Transport Secretary Grant Shapps said: "Public transport and active travel will be the natural first choice for our daily activities.

    "We will use our cars less and be able to rely on a convenient, cost-effective and coherent public transport network."

    https://www.bbc.co.uk/news/science-environment-52064509

    Posted 1 year ago #
  20. I were right about that saddle
    Member

  21. Baldcyclist
    Member

    I predict that weights/fitness equipment will be selling on ebay/gumtree at next to nothing as the market surges with unwanted equipment in 4 months.

    Can't buy weights anywhere at a reasonable price, decathlon, amazon, even argos wiped out.

    Posted 1 year ago #
  22. chdot
    Admin

    “I think we’re just so different to how we were before we saw the aftermath of the 2008 crash,” said the American writer Rebecca Solnit, one of today’s most eloquent investigators of crises and their implications. “Ideas that used to be seen as leftwing seem more reasonable to more people. There’s room for change that there wasn’t beforehand. It’s an opening.”

    The argument, in its simplest form, is this: Covid-19 has revealed the political status quo to be broken. Long before anyone had heard of the new coronavirus, people died of diseases we knew how to prevent and treat. People lived precarious lives in societies awash with wealth. Experts told us about catastrophic threats on the horizon, including pandemics, and we did next to nothing to prepare for them. At the same time, the drastic measures governments have taken in recent weeks testify to just how much power the state does have – the extent of what government can accomplish (and quickly!) when it realises it must act boldly or risk being seen as fundamentally illegitimate. As Pankaj Mishra recently wrote: “It has taken a disaster for the state to assume its original responsibility to protect citizens.”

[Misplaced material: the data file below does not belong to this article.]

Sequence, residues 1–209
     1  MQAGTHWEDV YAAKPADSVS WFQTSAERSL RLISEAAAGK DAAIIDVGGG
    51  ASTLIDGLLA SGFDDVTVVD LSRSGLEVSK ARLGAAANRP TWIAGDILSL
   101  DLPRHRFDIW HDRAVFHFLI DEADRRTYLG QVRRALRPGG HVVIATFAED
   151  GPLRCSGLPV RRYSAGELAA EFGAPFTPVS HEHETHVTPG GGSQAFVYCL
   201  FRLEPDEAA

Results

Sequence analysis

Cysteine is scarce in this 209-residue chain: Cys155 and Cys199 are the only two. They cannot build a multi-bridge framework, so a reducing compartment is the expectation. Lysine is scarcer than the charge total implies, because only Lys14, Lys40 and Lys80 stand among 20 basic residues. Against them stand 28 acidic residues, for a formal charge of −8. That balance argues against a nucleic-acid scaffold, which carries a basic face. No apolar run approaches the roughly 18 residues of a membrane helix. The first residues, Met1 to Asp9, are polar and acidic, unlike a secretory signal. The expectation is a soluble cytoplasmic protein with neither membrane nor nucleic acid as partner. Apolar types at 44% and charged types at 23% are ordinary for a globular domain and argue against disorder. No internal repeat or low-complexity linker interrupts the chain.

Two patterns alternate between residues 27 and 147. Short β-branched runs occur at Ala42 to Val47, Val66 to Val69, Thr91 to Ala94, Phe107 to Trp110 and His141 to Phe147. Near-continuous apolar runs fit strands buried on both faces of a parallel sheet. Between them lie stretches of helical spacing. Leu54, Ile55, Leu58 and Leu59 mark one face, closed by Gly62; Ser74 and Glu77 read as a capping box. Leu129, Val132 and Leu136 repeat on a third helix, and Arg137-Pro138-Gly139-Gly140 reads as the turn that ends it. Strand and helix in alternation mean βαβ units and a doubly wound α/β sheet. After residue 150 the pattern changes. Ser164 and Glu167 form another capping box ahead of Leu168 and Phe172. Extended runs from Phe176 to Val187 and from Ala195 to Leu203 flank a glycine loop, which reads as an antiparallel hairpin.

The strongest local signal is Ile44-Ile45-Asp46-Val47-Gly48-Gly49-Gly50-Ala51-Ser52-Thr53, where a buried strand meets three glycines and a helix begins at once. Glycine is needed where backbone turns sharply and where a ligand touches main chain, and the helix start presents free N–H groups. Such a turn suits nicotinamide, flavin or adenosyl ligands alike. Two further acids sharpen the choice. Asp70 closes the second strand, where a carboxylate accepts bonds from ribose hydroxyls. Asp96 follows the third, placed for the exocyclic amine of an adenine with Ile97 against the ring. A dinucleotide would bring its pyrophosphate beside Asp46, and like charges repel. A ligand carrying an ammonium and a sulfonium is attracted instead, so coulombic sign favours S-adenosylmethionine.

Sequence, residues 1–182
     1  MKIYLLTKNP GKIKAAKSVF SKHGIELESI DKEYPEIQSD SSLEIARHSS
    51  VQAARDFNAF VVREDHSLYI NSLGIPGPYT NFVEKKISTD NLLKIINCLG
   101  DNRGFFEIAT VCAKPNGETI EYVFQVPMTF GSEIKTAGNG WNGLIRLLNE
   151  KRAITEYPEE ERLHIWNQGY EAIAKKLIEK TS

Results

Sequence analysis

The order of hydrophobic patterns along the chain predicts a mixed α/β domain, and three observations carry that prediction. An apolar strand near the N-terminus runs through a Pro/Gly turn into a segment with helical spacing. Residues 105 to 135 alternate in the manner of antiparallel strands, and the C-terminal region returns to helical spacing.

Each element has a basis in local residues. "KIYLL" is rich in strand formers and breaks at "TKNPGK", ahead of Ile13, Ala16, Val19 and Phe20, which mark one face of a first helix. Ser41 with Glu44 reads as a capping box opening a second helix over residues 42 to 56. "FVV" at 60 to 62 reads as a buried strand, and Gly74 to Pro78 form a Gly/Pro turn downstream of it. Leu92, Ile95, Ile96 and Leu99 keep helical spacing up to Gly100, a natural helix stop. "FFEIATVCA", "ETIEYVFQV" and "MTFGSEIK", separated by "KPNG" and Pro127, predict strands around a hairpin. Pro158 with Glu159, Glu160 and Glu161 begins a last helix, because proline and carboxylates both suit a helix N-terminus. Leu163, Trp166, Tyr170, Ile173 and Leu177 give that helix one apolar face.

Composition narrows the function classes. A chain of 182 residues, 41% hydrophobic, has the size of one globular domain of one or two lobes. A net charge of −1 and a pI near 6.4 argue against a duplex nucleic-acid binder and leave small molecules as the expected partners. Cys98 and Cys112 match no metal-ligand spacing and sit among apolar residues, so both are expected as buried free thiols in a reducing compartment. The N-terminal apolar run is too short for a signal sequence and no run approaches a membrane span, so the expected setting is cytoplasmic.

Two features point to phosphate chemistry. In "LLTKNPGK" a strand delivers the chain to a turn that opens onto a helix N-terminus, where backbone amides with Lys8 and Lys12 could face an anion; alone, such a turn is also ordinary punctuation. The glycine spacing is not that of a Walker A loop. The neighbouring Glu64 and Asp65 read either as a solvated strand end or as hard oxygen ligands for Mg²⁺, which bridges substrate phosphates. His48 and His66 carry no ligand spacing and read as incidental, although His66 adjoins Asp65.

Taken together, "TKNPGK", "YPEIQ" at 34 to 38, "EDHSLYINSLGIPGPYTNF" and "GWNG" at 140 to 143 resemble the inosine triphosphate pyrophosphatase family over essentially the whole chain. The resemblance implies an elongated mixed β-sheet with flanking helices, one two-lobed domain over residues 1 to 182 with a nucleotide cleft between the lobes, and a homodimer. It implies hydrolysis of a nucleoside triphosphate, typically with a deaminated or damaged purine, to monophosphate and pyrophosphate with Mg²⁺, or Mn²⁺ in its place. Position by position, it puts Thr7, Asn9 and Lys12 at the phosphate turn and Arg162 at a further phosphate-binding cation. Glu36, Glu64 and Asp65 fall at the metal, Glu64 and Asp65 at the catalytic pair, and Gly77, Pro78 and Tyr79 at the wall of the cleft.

For years, in mainstream politics the conventional line – on everything from healthcare to basic living expenses such as housing – has been that even if the world has its problems, expansive government intervention is not a feasible solution. Instead, we have been told that what works best are “marketplace” solutions, which give large roles to corporations motivated not by outdated notions like “the public good” but by a desire to make a profit. But then the virus started spreading, governments spent trillions in days – even going so far as to write cheques directly to citizens – and suddenly the question of what was feasible felt different.

    From this perspective, the task today is not to fight the virus in order to return to business as usual, because business as usual was already a disaster. The goal, instead, is to fight the virus – and in doing so transform business as usual into something more humane and secure.

    https://www.theguardian.com/world/2020/mar/31/how-will-the-world-emerge-from-the-coronavirus-crisis

    Posted 1 year ago #
  23. LaidBack
    Member

    @chdot It might promote change but right now it just heightens division of wealth and privilege.

    Governments will say this is a danger to everyone no matter your wealth. View from our little corner of the world is s bit skewed though. eg People living in townships/ghetto will die faster and in greater percentages.

    Watching a clip from state broadcaster SABC - huge lines of people queuing for food despite South African lockdown. They have no choice as they only got paid after lockdown was announced - and that's with an ANC government. Scenes of police trying to force them back into their shacks. If SABC are broadcasting this then it's bad news.